Art Needs Time to Flower - Even in Cyberspace
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The speed of the internet has profoundly changed many (or most) people's perceptions of writing and publishing. It has affected our sense of TIME.
Everything is accelerated. If we can copy and paste a story or article and submit it via e-mail within a matter of minutes then is seems strange to still have to wait a few months for response. We've come to expect quick results in cyberspace.
It's easy to forget, as we're staring at computer-generated characters and interacting with an animated screen, that we're still sending our work out to another human being. That person has their own schedule, their own set of opinions and values when it comes to stories, articles, and poems...to sum it up, they have a life away from the computer. The internet is the medium, not the message.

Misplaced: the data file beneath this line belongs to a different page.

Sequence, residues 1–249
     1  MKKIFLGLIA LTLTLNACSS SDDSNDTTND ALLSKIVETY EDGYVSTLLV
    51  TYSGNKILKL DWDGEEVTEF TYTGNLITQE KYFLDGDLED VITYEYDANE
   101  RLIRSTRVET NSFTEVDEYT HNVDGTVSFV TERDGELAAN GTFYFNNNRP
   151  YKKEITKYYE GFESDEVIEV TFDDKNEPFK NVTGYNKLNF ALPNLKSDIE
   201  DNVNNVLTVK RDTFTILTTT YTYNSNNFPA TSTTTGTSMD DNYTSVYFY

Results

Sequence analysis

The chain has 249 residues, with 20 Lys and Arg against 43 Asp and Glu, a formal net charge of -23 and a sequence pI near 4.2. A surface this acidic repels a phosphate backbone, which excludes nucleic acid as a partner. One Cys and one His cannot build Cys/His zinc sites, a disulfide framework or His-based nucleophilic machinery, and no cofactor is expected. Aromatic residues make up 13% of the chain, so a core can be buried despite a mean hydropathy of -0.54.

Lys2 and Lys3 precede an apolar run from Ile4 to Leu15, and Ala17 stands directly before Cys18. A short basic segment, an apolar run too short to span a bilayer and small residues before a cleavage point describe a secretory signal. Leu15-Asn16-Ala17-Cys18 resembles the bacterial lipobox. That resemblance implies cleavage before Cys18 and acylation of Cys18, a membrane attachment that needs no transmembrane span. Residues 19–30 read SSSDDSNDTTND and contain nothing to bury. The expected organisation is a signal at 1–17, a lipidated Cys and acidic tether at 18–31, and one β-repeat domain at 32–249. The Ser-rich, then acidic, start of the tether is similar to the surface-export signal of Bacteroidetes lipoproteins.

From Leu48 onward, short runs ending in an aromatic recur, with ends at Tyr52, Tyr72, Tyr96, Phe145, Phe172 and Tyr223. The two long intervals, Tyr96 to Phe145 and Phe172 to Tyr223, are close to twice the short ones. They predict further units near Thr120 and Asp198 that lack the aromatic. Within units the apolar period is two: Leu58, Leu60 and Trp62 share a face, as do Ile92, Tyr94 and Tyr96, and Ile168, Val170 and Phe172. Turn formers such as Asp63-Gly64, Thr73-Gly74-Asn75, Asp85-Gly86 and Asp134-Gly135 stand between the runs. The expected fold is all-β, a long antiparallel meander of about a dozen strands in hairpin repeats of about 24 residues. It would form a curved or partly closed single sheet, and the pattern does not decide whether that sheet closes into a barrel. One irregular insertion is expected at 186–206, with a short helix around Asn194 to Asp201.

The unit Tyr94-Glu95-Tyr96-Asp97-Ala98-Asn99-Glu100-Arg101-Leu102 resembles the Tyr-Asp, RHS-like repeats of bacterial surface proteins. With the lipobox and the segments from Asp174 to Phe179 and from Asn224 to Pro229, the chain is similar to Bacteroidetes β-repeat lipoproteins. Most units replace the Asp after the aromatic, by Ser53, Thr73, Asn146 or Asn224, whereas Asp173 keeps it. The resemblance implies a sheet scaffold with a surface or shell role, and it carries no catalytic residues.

Word processors has helped foster the illusion that anyone can be a writer. Who needs to learn spelling and grammar when the program can find and fix such errors? Again we have a distortion of our sense of time. Instead of building up our talent, and nurturing our ability over a long period of trial and error, we want to plow right in to that bestseller.
The reality is that creativity follows its own rhythms, a natural ebb and flow. The process by which a writer's life experience percolates inside and then bursts forth in a new form is something that can be forced only at great cost to the work.
Consider "The Lord of the Rings", the most influencial fantasy of the last century. J.R.R. Tolkien labored over that novel for twelve years. Readers nowadays might cry: "What a waste! Imagine what he could have done with modern technology!" when they hear that he spent an entire year simply hammering out a final typescript.
What is seldom pointed out, though, is that this more painstaking process allowed him to carefully consider EVERY WORD that he set down in type. And fifty years after their publication, those words still ring with power and wonder.
Perhaps its a blessing that he didn't have spell-check.
The bottom line for writers is this: technology in many ways HAS made our work easier. It's done away with some of the grind, so we can more fully devote our energy to the creative process. Now if we can only keep in mind that that process works according to its own timetable. Lets not try to force it to keep up with the speed of our machines.